1. Have questions? Please feel free to post them through comments! Comments will be moderated and solved ASAP.
  2. Sir, if time allow please elaborate on TV Antenna to get few channels free. Google showing many result but all are for out of India. Please show light on this topic and also the tv ballon which convert 75 to 300 Ohm

    • 3n3 = 3.3nF

      I had used the same IC, so not sure about a replacement for it.

      Try googling for "half bridge mosfet driver IC" you could come across a few possible equivalents and modify it to suit the requirement.

  3. please guide if I use 10 piezos each side what will be the inductor value used for this ciruitry?
    According to calculation the range will be 300 to 800 uH
    Please make me correct if I am wrong!

    • C in the formula should be in Farads, so the capacitance should be first converted to farads from uF first for getting correct results.

      It's better to check it manually by shifting the ferrite rod to and fro and optimize for the best possible results.

  4. My circuitry not working please guide
    Here: At TL494 : my pin 3 is open
    IR2111: pin 5 is open
    inductor i have used of 680 uH(fixed value not hand made) value with 5 Piezos
    Please tell me why isn't it working?

  5. halai, initially do not use both the IR2111 stages, use only one stage, once it gets confirmed, then you can build the second IR2111 stage for doubling the power.

    Instead of using an inductor, i recommend using an audio transformer, as shown below, it will provide an instant amplification without going through any adjustments or complexities:

    http://beavishifi.com/projects/Passive_IPOD_Preamplifier/Radio-Shack-Audio-Transformer.jpg

    connect red/white across the mosfet junction and ground….use the secondary outer taps for connecting with the transducers…ignore the center tap.

    here's another image of the same:

    http://sci-toys.com/scitoys/scitoys/radio/hand_xformer.jpg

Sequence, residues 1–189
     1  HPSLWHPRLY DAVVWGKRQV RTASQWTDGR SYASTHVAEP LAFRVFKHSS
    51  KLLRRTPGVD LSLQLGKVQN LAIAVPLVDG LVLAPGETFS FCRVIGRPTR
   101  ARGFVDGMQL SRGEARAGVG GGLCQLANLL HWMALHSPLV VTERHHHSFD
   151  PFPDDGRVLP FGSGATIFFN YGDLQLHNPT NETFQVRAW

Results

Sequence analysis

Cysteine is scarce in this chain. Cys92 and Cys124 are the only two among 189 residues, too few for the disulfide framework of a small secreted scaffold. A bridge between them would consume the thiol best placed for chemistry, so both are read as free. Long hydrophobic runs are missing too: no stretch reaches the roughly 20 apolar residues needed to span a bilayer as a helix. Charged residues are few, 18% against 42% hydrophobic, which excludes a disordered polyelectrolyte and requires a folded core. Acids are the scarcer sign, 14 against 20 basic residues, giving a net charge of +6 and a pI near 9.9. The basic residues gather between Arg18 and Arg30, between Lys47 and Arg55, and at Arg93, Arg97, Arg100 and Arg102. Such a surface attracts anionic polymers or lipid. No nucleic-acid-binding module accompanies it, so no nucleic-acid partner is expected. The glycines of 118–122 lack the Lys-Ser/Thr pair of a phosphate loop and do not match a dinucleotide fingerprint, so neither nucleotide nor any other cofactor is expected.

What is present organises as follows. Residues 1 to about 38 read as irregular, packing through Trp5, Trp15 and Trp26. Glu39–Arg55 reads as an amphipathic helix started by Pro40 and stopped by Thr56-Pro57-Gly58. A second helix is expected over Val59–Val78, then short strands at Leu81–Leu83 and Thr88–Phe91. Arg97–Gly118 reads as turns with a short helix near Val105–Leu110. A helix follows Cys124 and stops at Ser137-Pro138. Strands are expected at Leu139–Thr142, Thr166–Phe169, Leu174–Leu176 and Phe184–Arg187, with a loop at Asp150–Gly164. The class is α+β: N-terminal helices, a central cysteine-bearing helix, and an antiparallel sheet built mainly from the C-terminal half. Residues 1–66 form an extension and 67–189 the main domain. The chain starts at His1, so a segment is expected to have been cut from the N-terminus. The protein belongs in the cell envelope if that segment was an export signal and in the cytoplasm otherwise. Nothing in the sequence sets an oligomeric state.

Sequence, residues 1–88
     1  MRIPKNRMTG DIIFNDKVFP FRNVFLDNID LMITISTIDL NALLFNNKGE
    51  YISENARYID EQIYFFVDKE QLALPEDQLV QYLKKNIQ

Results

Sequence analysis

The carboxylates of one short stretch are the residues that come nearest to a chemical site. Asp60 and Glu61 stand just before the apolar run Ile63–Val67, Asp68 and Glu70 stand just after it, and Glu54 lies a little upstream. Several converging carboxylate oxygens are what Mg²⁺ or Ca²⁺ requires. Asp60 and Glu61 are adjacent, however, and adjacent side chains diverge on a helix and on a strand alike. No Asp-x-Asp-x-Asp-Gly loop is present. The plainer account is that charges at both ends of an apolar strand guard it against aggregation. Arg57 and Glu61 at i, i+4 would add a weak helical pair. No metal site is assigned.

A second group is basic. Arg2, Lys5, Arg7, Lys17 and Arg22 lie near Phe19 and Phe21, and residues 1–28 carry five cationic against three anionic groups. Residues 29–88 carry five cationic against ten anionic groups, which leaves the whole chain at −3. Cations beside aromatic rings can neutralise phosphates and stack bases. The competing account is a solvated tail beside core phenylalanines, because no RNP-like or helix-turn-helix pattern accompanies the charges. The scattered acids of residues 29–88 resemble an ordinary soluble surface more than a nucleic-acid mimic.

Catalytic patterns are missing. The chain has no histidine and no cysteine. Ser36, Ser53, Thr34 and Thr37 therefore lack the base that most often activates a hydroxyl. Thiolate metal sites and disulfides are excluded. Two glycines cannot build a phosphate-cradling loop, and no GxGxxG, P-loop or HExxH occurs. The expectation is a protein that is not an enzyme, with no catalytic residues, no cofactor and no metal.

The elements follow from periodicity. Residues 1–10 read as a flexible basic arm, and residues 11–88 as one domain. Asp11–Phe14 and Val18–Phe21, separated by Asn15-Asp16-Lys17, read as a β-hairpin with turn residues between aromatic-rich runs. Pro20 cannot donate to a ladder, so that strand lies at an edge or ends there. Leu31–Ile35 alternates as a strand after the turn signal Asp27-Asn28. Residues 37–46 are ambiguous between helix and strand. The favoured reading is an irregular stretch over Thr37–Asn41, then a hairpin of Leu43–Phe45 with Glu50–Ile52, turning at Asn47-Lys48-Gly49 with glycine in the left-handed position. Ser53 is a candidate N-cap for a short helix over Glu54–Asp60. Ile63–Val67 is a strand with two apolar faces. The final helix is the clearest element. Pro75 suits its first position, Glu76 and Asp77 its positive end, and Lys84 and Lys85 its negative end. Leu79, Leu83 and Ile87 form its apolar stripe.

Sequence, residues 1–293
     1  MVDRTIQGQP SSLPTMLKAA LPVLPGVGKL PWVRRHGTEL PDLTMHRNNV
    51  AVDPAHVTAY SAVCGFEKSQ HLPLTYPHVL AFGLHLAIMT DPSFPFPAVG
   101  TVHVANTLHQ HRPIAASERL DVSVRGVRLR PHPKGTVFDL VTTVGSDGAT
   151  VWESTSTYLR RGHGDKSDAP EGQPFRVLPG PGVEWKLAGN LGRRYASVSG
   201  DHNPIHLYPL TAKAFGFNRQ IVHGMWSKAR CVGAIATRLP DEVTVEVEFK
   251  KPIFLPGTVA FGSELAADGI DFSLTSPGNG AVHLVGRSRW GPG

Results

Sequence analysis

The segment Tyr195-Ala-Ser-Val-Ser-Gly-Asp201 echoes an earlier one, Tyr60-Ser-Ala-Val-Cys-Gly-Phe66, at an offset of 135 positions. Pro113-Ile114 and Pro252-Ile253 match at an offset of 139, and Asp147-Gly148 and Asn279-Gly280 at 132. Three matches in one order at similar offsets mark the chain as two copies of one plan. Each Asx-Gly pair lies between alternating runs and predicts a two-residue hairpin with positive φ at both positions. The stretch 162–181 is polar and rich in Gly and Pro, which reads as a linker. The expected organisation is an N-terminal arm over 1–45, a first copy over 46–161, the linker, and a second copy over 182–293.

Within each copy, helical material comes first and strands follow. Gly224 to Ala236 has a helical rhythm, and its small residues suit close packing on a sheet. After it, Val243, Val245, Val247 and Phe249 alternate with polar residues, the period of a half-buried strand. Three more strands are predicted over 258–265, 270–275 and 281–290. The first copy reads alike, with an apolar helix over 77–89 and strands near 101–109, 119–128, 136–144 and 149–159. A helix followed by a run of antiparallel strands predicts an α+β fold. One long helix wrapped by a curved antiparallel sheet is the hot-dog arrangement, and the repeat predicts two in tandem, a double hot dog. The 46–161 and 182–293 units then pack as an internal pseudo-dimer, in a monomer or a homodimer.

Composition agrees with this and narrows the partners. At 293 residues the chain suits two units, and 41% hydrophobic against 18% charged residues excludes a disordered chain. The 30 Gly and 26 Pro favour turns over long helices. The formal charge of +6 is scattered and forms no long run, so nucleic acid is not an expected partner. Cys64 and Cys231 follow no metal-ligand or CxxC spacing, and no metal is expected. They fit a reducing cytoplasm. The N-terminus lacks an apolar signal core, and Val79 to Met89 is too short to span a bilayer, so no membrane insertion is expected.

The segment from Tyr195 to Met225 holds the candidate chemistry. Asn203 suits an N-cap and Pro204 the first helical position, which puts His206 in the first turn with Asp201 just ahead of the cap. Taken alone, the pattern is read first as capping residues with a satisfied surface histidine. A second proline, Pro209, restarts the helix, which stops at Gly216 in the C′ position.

6. Hey Swagatam, may you explain to me, why the volume all in all depends on the spacing of the speakers?
    The wavefront of the speakers should just depend on the speakers beeing in phase, I'd say. And there the spacing doesnt matter.
    I could just guess, that you need to have a multiple of lambda between the centerpoints of 2 speakers, but I dont see why?
    Can you help?

    • Hi Peter,

      the spacing between the speakers is crucial because if they are too wide apart, the waves will not be able to concentrate over a smaller area and weaken itself.

      If the speakers are kept too close, the waves might interact with each other creating interference which might yet again affect its focusing ability

  7. I don't see how you end up with the right values with the equation you have provided for the LC part.
    I have a few boards here with working parametric speakers and the values for the coil seem to be off as far as the capacitance value for the emitters
    For example
    I've worked backwards from the versions of the boards I have here with the inductance values I can clearly see on all of the different types I have.

    inductance values on the boards I have and the relationship to the calculated capacitance values are

    98 x 16mm Ultrasonic elements, uses a 25uH Coil = 633553pF / 98 = 6464 pF each

    50 x 16mm Ultrasonic elements, uses a 49uH Coil = 323241pF / 50 = 6464 pF each

    OK so that makes sense because its almost half and we end up with the same cap values

    What doesn't make sense is each of the elements are listed as having a cap value of approx 2700pF – (6464pF is almost double)

    So how did you arrive at your conclusion

    • The idea is not mine, it is as per the original inventors write up.

      In my experiment I used an audio transformer for amplifying the frequency…I connected the primary across the mosfet outputs and connected 6nos of 40kHz transducers across the secondary of the trafo, and tweaked the relevant pots to optimize a reasonably good parametric effect, although the audible power was too low, that may be because I had used only 4 of the transducers and not 100 or 200 as recommended above

  8. Hi swagatam
    Can you please assist me with this circuit ? I am confused about the audio input to the circuit , i must add an lm386 op amp but i am not knowing how to connect it to the circuit .